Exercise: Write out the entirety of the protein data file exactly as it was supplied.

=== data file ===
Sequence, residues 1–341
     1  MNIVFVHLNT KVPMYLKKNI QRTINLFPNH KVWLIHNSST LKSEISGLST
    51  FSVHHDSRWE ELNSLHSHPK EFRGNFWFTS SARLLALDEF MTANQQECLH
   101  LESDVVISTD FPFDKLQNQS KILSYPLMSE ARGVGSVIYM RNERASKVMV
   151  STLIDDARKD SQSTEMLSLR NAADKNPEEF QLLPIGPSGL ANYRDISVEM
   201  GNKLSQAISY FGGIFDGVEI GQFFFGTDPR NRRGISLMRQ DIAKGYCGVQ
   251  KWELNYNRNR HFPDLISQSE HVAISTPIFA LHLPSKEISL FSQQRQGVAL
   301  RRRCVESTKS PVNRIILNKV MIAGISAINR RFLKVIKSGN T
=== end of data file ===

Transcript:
Sequence, residues 1–341
     1  MNIVFVHLNT KVPMYLKKNI QRTINLFPNH KVWLIHNSST LKSEISGLST
    51  FSVHHDSRWE ELNSLHSHPK EFRGNFWFTS SARLLALDEF MTANQQECLH
   101  LESDVVISTD FPFDKLQNQS KILSYPLMSE ARGVGSVIYM RNERASKVMV
   151  STLIDDARKD SQSTEMLSLR NAADKNPEEF QLLPIGPSGL ANYRDISVEM
   201  GNKLSQAISY FGGIFDGVEI GQFFFGTDPR NRRGISLMRQ DIAKGYCGVQ
   251  KWELNYNRNR HFPDLISQSE HVAISTPIFA LHLPSKEISL FSQQRQGVAL
   301  RRRCVESTKS PVNRIILNKV MIAGISAINR RFLKVIKSGN T